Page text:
THE Country Land and Business Association (CLA) has co-ordinated a meeting with a council and police force in a bid to tackle fly-tipping in the region.

The CLA held a meeting with Redcar and Cleveland Borough Council, Cleveland Police and Cleveland's Police and Crime Commissioner's office on September 10, to see what could be done to reduce the number of cases off illegal waste dumping.

Middlesbrough South and East Cleveland MP, Simon Clarke's office and Neil Colver from Skelton and Gilling Estate attended.

As part of the meeting, Libby Bateman of the CLA, said: “The estimated average cost to rural businesses of this anti-social behaviour is around a £1,000 per incident and is a continuing and damaging blight on our countryside. In addition, landowners are liable for any waste that is fly-tipped on their land and can be prosecuted if they do not clear it away, often at considerable cost to their business."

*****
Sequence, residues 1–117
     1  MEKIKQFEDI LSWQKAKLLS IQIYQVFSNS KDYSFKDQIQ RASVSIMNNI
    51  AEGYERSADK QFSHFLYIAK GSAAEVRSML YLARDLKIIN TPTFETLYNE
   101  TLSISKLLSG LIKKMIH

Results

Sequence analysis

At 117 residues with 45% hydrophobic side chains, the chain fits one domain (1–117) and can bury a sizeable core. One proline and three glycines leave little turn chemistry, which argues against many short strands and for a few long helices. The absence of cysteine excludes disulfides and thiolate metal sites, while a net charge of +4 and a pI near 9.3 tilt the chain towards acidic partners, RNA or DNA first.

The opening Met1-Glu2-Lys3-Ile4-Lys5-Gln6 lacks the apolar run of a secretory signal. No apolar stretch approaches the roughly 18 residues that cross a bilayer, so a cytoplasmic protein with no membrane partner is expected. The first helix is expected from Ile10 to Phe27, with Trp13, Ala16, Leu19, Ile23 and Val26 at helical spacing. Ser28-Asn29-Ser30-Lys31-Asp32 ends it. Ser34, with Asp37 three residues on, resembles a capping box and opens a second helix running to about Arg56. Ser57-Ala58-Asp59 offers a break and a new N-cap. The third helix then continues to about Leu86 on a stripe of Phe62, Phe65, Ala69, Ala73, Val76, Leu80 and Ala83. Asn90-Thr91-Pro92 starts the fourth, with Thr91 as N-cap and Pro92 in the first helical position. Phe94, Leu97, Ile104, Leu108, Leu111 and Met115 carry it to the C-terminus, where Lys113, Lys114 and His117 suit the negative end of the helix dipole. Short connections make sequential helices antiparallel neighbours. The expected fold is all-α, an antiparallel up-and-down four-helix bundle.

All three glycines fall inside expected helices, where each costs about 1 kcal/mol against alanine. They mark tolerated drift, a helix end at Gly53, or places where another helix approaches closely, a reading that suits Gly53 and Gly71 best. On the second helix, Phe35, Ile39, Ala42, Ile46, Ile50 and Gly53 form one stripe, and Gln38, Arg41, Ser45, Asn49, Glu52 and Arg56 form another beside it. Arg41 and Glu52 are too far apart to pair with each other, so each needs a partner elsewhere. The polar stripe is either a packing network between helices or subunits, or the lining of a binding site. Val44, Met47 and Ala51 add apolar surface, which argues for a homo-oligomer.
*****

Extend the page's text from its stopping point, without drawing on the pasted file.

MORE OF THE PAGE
Following the meeting, planned actions included a joint education campaign between other Teesside boroughs, a pilot scheme to investigate waste on private land, police to look into how reports of fly-tipping are handled by 101 operators and greater engagement.

Mr Clarke said: “Fly-tipping is an issue which frustrates many of my constituents and I am hopeful that the coordinated approach to tackling environmental criminals discussed at the meeting will help to protect our landscape and reduce the number of incidents where law-abiding residents are left with the burden of clearing up after fly-tippers.”